Blogger: Richard Watson
Measuring service reuse alone is not the right way to determine the value of a service. SOA advocates tend to fixate on service reuse, and fill business cases with return on investment calculations based on reuse projections.
"Reusability is always overpromised."
This is a comment from the CIO of a Fortune 500 company interviewed by Burton Group. It reflects the risk in fixating on reuse. The memory of his application architects claiming that reuse is virtually guaranteed by object-oriented design has not quite dimmed. Likewise, applying service oriented principles promotes reuse, but does not guarantee it. Reuse is a complex issue, as much cultural as technical. As Jeremy Meyer eloquently says [i]:
Reuse is about people and education, not just architecture ... The truth is that even the most beautiful, elegant and re-usable architecture, framework or system will only be re-used by people who: a) know it is there, b) know how to use it, and c) are convinced that it is better than doing it themselves.
A service may never be reused, but still be used to create value in other ways: by being adaptable and less costly to maintain, reducing redundancy, increasing security and compliance through consistent enforcement of policies, to name just a few other desirable outcomes. Exclusive focus on reuse blinds us to these other outcomes.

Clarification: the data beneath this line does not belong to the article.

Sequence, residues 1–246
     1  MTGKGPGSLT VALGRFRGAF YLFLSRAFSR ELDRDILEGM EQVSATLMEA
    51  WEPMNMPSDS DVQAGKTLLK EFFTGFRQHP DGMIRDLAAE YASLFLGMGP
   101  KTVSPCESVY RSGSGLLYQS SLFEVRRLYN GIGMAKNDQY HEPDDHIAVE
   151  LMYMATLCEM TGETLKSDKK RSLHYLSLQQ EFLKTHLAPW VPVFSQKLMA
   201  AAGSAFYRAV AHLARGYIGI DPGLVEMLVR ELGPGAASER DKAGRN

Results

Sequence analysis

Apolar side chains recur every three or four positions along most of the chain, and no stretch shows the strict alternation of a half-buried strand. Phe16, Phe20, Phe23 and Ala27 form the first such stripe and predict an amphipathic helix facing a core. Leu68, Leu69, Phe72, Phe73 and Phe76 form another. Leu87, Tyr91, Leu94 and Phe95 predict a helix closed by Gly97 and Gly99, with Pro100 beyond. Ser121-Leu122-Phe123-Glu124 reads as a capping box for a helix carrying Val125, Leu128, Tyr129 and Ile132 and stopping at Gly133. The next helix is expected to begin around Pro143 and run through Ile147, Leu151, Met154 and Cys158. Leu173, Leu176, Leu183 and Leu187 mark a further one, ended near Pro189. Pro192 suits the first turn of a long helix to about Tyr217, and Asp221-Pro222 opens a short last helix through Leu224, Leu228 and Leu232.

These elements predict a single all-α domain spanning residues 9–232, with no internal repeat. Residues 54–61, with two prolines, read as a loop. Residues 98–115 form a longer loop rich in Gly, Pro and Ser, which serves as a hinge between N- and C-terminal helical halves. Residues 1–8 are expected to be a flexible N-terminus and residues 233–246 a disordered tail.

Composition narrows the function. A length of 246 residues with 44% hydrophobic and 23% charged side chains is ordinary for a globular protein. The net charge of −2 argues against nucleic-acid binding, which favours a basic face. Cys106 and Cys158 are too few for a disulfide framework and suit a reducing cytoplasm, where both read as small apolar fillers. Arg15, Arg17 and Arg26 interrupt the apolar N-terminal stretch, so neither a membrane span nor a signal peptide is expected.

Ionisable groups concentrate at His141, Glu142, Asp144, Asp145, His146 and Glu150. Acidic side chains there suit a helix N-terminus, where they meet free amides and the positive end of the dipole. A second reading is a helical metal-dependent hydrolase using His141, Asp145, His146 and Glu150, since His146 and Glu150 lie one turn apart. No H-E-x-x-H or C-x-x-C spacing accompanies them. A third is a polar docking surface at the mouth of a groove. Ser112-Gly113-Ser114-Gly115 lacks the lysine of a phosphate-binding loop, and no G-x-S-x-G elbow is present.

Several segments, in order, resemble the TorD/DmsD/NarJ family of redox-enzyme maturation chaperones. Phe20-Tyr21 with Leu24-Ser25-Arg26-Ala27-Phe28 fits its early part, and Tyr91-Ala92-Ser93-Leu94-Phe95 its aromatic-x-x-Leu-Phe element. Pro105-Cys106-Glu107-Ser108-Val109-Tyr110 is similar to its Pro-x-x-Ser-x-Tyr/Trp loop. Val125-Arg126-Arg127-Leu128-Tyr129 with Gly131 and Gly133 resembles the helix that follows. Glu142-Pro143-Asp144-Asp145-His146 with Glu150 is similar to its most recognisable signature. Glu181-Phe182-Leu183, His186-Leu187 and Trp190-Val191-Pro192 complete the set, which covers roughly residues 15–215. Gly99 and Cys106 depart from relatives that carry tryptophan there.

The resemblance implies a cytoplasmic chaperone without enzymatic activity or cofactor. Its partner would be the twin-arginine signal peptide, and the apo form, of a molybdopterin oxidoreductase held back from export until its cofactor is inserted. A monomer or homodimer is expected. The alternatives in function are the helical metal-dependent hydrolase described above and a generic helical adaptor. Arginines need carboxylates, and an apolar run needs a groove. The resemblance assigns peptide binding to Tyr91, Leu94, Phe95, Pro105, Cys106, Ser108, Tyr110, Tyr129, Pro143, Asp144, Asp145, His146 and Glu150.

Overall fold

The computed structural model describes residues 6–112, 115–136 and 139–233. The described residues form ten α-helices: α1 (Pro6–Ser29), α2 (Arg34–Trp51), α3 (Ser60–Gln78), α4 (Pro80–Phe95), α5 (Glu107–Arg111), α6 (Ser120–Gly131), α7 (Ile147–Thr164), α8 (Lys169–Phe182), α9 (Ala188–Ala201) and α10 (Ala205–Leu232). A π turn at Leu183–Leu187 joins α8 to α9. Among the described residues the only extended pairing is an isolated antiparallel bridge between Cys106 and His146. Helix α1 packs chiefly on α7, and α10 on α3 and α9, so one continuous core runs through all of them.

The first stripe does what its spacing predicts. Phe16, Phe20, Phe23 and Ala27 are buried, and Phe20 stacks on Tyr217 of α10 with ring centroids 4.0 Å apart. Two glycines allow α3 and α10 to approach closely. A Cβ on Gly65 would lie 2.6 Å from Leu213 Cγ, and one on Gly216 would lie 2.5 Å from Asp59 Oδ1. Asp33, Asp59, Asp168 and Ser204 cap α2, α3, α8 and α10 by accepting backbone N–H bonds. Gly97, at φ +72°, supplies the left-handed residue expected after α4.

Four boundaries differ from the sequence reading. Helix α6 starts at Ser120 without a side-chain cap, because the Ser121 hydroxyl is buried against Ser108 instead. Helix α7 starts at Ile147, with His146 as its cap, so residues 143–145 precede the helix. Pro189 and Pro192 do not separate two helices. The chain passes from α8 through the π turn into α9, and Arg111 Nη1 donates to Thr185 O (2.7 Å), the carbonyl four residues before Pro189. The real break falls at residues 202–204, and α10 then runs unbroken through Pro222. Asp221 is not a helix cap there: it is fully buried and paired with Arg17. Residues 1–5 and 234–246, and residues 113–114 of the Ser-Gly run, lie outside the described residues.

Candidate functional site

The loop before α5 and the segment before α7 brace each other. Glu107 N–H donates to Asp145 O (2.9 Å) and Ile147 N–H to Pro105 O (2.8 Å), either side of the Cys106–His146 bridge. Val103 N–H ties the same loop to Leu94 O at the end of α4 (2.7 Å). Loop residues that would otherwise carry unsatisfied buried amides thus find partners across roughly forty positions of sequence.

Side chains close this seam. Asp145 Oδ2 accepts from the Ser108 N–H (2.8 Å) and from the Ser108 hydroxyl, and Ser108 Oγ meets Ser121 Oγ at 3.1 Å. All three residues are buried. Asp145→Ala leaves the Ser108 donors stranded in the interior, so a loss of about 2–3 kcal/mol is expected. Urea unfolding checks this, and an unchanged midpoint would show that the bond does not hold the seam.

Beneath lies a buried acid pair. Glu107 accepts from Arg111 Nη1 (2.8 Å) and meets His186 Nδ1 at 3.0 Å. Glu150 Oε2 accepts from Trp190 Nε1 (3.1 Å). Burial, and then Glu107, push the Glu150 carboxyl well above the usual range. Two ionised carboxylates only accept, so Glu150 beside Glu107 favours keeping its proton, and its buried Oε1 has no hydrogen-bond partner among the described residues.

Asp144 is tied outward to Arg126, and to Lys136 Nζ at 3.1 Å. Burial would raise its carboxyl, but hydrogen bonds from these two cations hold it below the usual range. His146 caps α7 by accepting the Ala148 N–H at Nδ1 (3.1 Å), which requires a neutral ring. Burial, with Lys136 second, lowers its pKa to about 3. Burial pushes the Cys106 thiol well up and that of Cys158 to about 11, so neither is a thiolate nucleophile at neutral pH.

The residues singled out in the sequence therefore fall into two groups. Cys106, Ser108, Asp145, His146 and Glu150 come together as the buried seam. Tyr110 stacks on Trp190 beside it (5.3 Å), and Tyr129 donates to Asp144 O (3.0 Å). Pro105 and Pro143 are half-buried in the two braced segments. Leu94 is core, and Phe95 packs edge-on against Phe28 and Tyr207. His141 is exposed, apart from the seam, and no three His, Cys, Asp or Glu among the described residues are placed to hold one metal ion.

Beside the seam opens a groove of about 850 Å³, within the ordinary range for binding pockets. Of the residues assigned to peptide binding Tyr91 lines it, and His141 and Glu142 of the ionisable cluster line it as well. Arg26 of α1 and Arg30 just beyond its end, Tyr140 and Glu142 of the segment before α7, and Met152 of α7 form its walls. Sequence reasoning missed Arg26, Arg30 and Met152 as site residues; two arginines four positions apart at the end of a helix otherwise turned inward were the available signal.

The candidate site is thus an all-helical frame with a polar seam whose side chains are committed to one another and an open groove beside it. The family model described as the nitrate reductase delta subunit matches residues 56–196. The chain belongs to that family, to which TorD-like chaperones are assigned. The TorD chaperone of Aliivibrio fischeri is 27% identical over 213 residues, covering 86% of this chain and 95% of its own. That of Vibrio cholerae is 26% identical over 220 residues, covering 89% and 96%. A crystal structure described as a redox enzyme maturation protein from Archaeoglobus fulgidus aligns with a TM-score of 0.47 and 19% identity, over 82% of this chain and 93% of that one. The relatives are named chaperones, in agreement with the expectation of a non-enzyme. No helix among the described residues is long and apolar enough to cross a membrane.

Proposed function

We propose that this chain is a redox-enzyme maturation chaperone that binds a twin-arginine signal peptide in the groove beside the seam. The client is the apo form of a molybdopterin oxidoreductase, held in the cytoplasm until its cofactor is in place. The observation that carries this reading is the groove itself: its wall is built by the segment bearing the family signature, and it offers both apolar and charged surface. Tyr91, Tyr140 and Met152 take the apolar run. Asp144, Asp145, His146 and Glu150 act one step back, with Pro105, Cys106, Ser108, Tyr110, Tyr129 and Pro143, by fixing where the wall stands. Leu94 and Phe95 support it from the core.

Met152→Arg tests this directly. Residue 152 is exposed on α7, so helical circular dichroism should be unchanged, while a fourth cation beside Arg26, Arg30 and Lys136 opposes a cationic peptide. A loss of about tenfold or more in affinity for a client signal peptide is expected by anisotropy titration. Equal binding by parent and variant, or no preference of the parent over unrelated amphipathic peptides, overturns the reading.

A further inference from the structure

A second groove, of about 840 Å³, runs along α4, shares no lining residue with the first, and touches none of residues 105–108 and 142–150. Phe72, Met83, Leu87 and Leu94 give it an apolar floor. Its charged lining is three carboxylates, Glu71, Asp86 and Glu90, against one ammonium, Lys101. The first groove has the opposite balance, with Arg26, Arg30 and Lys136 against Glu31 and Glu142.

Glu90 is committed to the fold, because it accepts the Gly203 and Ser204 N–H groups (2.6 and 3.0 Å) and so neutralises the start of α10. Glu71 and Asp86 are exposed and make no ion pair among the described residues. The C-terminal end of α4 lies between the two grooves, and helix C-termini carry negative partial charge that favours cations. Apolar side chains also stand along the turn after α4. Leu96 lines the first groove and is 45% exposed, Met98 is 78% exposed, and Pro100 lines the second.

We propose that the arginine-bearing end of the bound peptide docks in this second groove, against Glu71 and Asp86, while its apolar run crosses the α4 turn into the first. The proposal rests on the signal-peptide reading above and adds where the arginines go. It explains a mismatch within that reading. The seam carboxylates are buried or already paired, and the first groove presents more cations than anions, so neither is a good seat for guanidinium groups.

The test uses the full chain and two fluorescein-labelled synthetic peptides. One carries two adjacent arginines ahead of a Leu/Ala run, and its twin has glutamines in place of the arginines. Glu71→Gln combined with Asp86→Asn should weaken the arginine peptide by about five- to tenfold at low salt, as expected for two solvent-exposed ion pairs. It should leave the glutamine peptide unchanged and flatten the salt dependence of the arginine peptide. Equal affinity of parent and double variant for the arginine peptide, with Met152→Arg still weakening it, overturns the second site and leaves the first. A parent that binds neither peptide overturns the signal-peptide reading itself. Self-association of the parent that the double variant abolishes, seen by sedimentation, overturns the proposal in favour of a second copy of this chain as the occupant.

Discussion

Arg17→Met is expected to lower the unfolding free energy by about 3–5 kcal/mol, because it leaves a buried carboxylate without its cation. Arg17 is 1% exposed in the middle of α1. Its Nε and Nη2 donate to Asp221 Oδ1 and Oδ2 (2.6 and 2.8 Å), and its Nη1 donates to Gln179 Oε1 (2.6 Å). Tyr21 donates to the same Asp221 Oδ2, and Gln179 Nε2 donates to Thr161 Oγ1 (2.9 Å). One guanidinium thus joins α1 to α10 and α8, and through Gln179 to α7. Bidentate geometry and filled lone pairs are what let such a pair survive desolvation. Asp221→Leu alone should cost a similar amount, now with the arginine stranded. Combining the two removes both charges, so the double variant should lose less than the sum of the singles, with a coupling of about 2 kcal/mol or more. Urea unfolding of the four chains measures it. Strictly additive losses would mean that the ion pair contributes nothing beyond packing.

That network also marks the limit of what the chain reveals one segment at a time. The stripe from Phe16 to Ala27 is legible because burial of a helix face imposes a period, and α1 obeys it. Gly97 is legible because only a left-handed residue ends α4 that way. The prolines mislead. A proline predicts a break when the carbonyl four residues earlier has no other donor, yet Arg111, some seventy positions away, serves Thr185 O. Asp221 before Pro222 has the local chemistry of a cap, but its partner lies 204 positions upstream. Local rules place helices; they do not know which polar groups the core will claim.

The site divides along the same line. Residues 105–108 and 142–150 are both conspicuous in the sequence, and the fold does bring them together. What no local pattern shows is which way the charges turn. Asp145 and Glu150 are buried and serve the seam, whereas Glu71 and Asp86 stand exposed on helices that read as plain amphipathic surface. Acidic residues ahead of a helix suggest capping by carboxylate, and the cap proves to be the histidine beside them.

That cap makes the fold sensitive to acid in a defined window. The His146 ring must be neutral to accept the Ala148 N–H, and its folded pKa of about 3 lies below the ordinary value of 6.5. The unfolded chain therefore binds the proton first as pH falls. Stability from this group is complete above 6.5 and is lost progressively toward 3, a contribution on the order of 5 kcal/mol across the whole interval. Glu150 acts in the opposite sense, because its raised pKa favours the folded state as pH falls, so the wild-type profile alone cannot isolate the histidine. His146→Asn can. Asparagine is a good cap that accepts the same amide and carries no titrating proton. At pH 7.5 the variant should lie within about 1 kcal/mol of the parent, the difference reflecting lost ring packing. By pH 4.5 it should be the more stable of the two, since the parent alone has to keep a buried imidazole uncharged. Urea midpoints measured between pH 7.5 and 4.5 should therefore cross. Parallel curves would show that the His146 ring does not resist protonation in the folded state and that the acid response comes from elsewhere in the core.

I've had some great conversations recently with clients about calculating reuse. It's a tricky calculation. Most reuse savings formulae look something like these:
Savings = Cost of Implementation - Cost of Integration
Savings = services * reuse * change
Savings = sum ( f (cost of integration at consumer, cost of change to service provider for new consumer) ) over #reuse, where f is "some function of".
Reuse savings are problematic because stated like this, as the client I spoke to says, "if I've saved all this money, where is it?" Of course, it's deferred expenses, but that doesn't sound quite so valuable. These formulae also overstate the value of reuse over time. Some kind of decay function is needed to take account of a discount in the 'Cost of Implementation' value. I'm out of college too long and not crazy enough to attempt the math for that decay function, I just know it exists. I'm not convinced it's always a decay function either. If a service can take advantage of network effects then its reuse benefit over time actually rises. And unlike radioactive decay, the value of the service can be refreshed occasionally, say when a changes to reporting regulations dictate a different set of rules and the changes required can be made in an isolated place instead of across the board. But that gets us back to the value of service "use" not "reuse".
[i] Jeremy Meyer. In "97 things every software architect should know", ed. Richard Monson-Haefel. Sebastopol: CA: O'Reilly. 2009.